We hypothesized that central nodes (which we define as DyBN network nodes that exhibit self-feedback and that connect to other nodes that do not have this property) represent key inflammation control mechanisms. Our analyses of tissue data (Figure 1) suggest an overall response coordinated by the pro-inflammatory cytokine IL-18 and the anti-inflammatory IL-1 receptor antagonist (IL-1RA). Of note, treatment with MP is associated with an appreciably diminished centrality of IL-18 as compared to CSP, with IL-18 having only 4 external connections (not to itself or to IL-1RA) in the MP network compared with 8 outputs in the CSP network. Our analyses of perfusate data (Figure 2) also infer networks driven by IL-18 and IL-1RA, with additional central nodes including AST in the CSP group vs. AST and ALT in the MP group. Again, in these analyses we infer a reduced centrality of IL-18 in the MP group as compared to the CSP group, with one fewer output and no self-feedback in the MP network.
FIGURE 1. Tissue sample DyBNs suggest conserved network structure with central nodes IL-18 and IL-1RA, but decreased pro-inflammatory response with MP. CSP, cold static preservation (n = 6). Organs were preserved at standard hypothermic and anoxic conditions. MP, machine perfusion (n = 6). Organs were fully oxygenated under dual pressures under subnormothermic conditions with a new hemoglobin-based oxygen carrier solution specifically developed for ex vivo utilization. Multiple inflammatory mediators were interrelated using DyBN inference. While the overall network structure is maintained, MP features fewer edges from the pro-inflammatory IL-18 than CSP.
FIGURE 2. Perfusate sample DyBNs suggest conserved network structure with central nodes IL-18 and IL-1RA, but decreased pro-inflammatory response and liver damage with MP. CSP, cold static preservation (n = 5). Organs were preserved at standard hypothermic and anoxic conditions. MP, machine perfusion (n = 6). Organs were fully oxygenated under dual pressures under subnormothermic conditions with a new hemoglobin-based oxygen carrier solution specifically developed for ex vivo utilization. Multiple inflammatory mediators and liver damage markers AST and ALT were interrelated using DyBN inference. While the overall network structure is maintained, MP features fewer edges from the pro-inflammatory IL-18 than CSP, including a loss of both IL-18 self-feedback and an edge from IL-18 to major pro-inflammatory mediator IL-6. The centrality of liver damage markers AST and ALT is also decreased with MP, as seen most notably by the loss of bidirectional edges between AST and both IL-18 and IL-1RA.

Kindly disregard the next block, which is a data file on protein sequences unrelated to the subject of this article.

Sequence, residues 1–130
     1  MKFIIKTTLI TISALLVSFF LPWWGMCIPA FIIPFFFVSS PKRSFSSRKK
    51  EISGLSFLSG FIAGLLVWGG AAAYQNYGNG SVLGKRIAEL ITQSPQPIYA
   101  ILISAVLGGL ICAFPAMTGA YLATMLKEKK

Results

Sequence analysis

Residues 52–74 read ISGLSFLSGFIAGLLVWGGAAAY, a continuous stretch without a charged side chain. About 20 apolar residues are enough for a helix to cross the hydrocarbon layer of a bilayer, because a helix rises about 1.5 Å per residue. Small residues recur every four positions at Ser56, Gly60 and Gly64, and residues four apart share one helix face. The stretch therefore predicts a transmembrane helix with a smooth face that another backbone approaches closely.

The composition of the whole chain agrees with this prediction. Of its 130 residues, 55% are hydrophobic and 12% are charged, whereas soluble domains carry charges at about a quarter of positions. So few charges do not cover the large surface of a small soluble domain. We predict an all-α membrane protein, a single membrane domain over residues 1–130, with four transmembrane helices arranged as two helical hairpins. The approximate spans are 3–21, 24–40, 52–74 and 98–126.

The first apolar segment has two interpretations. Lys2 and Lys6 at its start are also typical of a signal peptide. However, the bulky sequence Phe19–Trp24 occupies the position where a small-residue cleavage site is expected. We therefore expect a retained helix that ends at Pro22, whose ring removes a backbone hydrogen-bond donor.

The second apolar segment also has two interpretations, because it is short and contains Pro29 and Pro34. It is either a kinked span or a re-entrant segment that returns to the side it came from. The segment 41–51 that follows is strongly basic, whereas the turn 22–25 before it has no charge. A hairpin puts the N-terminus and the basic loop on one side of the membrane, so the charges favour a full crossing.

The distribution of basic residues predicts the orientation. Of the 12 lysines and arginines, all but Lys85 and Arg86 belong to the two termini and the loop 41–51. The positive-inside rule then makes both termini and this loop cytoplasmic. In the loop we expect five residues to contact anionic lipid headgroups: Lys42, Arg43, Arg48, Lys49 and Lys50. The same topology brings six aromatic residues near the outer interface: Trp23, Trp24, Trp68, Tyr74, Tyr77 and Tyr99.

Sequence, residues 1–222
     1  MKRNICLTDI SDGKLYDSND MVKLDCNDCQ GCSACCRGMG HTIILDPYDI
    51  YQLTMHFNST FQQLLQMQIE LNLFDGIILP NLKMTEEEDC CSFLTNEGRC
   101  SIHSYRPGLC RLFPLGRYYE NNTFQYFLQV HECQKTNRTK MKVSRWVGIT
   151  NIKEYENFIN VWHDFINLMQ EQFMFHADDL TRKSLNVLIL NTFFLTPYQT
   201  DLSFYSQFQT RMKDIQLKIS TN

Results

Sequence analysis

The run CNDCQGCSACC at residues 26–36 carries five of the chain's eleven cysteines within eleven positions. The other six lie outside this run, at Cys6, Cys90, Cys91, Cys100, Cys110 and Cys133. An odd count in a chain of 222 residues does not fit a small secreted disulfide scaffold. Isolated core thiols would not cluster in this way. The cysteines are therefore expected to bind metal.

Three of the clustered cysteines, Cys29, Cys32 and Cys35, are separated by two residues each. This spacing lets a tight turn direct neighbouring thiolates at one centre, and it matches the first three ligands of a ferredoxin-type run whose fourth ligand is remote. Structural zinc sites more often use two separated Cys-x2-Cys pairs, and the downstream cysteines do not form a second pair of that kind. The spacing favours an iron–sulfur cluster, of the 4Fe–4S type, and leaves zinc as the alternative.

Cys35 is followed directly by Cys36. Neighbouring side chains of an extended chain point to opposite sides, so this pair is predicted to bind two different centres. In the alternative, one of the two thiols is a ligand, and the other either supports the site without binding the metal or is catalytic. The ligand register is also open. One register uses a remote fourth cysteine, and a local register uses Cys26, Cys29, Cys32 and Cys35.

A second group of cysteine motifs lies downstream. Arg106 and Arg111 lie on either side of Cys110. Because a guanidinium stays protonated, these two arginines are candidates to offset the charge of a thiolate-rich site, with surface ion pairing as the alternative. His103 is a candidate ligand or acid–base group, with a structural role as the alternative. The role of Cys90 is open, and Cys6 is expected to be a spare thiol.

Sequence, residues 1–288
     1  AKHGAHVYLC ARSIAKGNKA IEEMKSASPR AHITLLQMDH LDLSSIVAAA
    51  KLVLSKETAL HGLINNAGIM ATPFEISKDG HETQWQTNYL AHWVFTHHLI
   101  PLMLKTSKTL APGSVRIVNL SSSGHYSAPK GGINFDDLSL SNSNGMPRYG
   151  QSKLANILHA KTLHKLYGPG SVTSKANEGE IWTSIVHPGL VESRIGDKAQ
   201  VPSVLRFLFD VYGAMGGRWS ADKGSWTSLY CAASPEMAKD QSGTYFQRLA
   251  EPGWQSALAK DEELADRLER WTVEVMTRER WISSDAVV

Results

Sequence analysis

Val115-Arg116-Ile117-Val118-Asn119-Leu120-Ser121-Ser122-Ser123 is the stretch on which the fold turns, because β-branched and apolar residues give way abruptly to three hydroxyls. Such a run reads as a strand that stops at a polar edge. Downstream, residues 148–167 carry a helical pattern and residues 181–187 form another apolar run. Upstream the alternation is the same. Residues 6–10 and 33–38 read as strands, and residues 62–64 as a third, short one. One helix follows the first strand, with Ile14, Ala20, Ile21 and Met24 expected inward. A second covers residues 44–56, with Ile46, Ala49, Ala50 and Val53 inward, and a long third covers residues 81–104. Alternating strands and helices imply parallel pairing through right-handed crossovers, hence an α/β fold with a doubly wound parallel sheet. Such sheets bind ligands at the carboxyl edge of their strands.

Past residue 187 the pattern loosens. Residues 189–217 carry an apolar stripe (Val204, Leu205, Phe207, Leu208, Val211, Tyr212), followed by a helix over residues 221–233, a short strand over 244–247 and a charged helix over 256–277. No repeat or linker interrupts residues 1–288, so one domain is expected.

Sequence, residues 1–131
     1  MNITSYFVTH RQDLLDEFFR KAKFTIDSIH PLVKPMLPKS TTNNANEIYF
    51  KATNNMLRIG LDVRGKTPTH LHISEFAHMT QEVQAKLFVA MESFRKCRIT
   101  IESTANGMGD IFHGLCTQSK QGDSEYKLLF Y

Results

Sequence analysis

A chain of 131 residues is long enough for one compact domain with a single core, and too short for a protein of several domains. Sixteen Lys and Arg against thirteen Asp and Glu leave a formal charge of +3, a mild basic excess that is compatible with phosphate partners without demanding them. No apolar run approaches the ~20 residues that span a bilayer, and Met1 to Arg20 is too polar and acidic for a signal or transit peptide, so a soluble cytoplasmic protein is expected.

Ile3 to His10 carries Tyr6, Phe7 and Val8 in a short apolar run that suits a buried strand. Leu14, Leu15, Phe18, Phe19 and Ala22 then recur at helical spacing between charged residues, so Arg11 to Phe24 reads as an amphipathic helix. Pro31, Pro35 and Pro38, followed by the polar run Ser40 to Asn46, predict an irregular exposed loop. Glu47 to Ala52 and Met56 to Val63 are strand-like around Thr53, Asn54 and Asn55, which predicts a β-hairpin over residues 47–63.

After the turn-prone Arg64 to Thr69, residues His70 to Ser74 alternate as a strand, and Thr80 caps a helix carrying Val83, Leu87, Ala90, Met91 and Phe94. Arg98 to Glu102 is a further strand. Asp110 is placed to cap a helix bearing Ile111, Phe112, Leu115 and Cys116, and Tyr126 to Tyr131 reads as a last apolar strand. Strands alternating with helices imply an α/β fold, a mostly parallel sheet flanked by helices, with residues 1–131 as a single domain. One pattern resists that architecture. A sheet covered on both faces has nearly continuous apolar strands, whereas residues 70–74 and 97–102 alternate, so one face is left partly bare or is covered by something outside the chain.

The liver injury marker AST is also less central in the MP perfusate network, similar to what we infer for IL-18, with only 2 non-self outputs compared to 5 in CSP. Additionally, the CSP network includes bidirectional edges between AST and both IL-18 and IL-1RA, while the MP network only contains a unidirectional edge to AST from IL-18 and no edges between AST and IL-1RA. Another noteworthy difference is the output edge of AST to IL-6 in the CSP network only, with IL-6 not present at all in the MP network.
Tissue DyBNs show more connections from IL-1RA to pro-inflammatory mediators in MP networks than CSP. For example, an output from IL-1RA to the major pro-inflammatory mediator IL-6 only exists in the MP network. As noted in “Materials and Methods,” edges between nodes in DyBNs may be of a positive or negative nature. Given the known role of IL-1β as an inducer of IL-6, we hypothesize that edges from IL-1RA to other inflammatory mediators represent a negative effect, something that is not observed in CSP. Similarly, other pro-inflammatory mediators that appear in both tissue networks (IL-8, TNF-α, and GM-CSF) are only connected to IL-1RA in MP, but connect to both IL-1RA and IL-18 in CSP.
DyNA networks were then constructed for all time intervals, with variables and edges included in each network (Figure 3). Tissue networks consistently include more variables and connections than perfusate. Tissue networks also feature numerous negative (anticorrelated) edges, which we interpret as suppressive interactions. Within the tissue analyses, MP networks contain more negative edges and feature the earlier appearance of negative edges than CSP. Network complexity scores (Figure 4) are consistently higher in tissue networks than perfusate. For both sample types, the initial CSP network is the most complex, with CSP network complexity decreasing over time. MP networks, which for both sample types start with lower complexity than CSP, remain relatively static in complexity throughout the preservation period.